I stand next to an ironing board fit for a Lilliputian. A dozen yellow roses darken around the edges as death comes in for the kill. A bottle of tea tree oil prepares to skin its knees in its fight against the Mozzie bites. A Post-It Note reminds me to get walnuts. Roasted and salted almonds wink at me. And I think about what I am going to do with the three dead batteries in an assortment of variable yoga poses in a small white cup.
Sam Soverel ponders the best route to the summit of the Poker Central High Roller of the Year Leaderboard. He’s been there before, but the altitude sickness wasn’t as severe.
This time it’s more arduous.
Soverel needs another route, and he’s out front, plotting every step of the way.
The Story After London.
The reigning Poker Central High Roller of the Year arrived in London to see the queen in pole position to retain his title. He crushed the British Poker Open (BPO), making money in five events, winning two, and earning close to £800,000 in gross profit.
The net result of Soverel’s sumptuous performance is an extended lead in the High Roller of the Year rankings, but Cary Katz put on a robust performance of his own, ensuring Soverel’s angelic wings didn’t reach its full span. Katz made money in three BPO events and won the SHRB London.
The one area that Katz has the edge over Soverel (other than his short-stack ninja superpowers) is mobility. The Poker Central founder made the trip to Rozvadov for the partypoker MILLIONS Europe event and racked up points for making the final table of the €25,500 and €100,000 events. Soverel didn’t make his way to Leon land.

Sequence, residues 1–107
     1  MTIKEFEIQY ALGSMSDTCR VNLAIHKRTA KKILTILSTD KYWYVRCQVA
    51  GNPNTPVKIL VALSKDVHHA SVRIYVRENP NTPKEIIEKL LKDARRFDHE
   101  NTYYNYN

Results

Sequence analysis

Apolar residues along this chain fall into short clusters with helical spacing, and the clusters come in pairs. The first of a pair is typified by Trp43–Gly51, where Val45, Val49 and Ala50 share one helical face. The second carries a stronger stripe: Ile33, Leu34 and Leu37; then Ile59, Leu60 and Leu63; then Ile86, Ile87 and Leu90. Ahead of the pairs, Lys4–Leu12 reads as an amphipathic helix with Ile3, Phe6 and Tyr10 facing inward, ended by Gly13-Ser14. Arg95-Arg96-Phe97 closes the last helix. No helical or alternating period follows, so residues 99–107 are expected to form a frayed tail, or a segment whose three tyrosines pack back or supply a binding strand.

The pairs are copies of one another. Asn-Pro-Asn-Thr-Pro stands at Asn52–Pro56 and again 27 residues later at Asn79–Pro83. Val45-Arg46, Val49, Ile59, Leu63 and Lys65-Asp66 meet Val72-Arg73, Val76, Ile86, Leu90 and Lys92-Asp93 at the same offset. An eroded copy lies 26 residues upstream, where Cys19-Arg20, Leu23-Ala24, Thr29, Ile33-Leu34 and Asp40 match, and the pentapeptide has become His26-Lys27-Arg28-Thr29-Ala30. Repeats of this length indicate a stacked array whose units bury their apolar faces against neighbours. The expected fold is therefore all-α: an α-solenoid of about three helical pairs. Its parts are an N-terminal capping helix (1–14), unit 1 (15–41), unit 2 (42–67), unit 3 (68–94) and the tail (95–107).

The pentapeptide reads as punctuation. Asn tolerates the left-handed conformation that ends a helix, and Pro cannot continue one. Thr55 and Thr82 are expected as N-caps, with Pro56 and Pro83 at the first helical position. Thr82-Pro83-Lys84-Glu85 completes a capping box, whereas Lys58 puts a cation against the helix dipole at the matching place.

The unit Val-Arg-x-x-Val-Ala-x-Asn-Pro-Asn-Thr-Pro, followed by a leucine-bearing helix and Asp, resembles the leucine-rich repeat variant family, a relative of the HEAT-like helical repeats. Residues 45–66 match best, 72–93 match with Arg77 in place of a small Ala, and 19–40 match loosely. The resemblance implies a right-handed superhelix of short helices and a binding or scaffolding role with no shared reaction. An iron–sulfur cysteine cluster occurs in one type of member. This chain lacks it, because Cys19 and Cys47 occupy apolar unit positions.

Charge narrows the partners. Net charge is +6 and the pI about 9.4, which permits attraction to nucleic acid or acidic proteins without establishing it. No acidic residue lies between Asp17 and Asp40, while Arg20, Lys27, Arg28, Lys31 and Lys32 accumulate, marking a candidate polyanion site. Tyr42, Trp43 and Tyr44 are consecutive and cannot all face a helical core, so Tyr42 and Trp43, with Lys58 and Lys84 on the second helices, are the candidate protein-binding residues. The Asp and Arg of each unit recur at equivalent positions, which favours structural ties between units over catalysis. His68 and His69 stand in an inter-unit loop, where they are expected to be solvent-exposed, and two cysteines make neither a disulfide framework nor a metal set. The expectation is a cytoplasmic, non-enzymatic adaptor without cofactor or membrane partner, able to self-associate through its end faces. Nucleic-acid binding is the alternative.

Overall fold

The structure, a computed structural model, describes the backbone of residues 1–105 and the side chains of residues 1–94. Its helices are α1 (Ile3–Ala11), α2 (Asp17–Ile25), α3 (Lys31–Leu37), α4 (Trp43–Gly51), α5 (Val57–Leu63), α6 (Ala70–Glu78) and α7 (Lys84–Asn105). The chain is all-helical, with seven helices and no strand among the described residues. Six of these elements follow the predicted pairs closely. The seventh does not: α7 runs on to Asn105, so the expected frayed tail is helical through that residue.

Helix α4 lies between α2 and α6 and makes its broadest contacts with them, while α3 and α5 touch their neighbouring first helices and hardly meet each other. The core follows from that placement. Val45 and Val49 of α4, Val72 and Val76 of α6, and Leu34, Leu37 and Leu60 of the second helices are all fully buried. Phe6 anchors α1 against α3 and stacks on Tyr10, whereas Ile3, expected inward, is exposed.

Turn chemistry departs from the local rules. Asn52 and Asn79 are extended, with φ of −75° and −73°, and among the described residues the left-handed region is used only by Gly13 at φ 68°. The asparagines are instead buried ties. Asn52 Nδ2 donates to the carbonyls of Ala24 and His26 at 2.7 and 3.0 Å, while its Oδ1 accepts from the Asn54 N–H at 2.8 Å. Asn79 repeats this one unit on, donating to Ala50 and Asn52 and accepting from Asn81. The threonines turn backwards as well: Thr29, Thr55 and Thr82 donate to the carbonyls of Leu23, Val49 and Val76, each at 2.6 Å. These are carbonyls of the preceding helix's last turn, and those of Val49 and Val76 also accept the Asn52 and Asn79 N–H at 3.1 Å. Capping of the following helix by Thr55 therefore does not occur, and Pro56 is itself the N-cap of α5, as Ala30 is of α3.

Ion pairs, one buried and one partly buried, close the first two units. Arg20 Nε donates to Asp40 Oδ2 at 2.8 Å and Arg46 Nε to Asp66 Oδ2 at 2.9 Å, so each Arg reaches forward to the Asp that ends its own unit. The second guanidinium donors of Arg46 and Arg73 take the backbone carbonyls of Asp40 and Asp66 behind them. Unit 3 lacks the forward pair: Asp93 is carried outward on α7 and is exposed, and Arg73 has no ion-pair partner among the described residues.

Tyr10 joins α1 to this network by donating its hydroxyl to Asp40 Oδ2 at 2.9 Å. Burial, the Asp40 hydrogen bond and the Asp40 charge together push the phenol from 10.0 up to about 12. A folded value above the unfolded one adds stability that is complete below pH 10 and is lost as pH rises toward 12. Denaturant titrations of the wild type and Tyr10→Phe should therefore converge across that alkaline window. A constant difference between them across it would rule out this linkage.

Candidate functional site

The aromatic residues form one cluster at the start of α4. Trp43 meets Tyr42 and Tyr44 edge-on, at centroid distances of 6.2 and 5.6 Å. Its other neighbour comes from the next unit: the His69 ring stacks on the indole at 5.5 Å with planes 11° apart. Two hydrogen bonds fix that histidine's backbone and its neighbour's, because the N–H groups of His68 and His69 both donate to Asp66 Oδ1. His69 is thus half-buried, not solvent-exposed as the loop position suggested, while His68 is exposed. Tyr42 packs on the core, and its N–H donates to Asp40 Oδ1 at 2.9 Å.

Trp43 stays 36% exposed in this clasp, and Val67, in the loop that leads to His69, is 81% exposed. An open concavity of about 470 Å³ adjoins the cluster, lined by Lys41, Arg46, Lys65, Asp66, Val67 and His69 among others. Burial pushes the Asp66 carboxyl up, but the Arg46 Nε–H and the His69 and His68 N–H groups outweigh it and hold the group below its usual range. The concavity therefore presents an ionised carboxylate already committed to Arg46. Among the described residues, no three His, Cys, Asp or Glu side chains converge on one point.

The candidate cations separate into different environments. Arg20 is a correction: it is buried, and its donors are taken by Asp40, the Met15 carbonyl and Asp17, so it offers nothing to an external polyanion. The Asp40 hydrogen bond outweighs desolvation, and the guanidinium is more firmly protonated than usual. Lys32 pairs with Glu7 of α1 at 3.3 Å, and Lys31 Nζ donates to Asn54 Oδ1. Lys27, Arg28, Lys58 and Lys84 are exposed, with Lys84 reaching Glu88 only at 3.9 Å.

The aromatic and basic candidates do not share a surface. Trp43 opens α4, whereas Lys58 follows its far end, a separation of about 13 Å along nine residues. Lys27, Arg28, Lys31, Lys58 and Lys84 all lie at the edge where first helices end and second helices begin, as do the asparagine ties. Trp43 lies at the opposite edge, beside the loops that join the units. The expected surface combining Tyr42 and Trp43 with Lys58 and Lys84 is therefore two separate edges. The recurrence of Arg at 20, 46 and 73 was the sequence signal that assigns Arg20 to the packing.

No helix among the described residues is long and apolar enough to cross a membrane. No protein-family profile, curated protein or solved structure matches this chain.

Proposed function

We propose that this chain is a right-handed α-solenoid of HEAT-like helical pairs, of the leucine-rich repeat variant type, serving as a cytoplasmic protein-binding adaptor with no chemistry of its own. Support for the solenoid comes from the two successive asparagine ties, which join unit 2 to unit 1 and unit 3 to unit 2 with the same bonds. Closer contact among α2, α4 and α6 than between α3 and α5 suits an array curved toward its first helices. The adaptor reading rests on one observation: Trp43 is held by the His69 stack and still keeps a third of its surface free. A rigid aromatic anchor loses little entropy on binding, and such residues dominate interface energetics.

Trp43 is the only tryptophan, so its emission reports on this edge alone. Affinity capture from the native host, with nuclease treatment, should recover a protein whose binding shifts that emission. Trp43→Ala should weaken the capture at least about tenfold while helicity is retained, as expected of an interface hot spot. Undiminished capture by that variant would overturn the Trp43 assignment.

Katz sits in second place.
Ali Imsirovic is in third place after making the final table of a £26,000 event at the BPO, and finishing runner-up to Katz in the SHRB London. Chidwick moves into the fourth place after cashing in four BPO events, winning one. David Peters failed to catch up some much-needed yardage after only cashing once in the BPO, and once at the MILLIONS Europe event.
Crystal Ball Time
There’s a long way to go, and you get the impression, Soverel’s chances of retaining his velvet slippers, depends on his attitude towards flying. If he turns into a pterodactyl, he will win this thing. If he goes all B.A.Baracus on us, he will lose it.
44-events are remaining, and the key to the schedule are the events that don’t take place in Las Vegas. Soverel won the award last year, because of his consistency in small field events wholly contained within his hometown. The only trip outside of Vegas that Soverel made money was the MILLIONS World in the Bahamas.
So far this year, that’s changed with Soverel popping up in Los Angeles, Florida, and most notably, London.
There are a lot of points up for grabs during the World Series of Poker Europe (WSOPE) in Rozvadov. The Poker Masters follows, and then a trip to the Bahamas for MILLIONS World. It will be interesting to see who goes to Rozvadov, and the effect it will have on the rankings. If Soverel stays at home and Katz makes the trip, we could have a new leader going into the Poker Masters.
2018 High Roller of the Year Leaderboard Final Standings
- Sam Soverel – 1,765 pts ($2,615,907)
- Isaac Haxton – 1,530 ($5,285,144)
- David Peters – 1,430 ($4,914,208)
- Jake Schindler – 1,325 ($3,251,546)
- Cary Katz – 1,300 ($1,471,800)
2019 High Roller of the Year Leaderboard
- Sam Soverel – 1,940 pts ($3,455,968)
- Cary Katz – 1,790 ($4,451,212)
- Ali Imsirovic – 1,445 ($2,611,242)
- Stephen Chidwick 1,430 ($2,908,724)
- David Peters – 965 ($2,102,219)
I clench my fist around the batteries and head to the supermarket.
In my mind, I see Soverel strolling on his treadmill, thinking, “Rozvadov? Really?”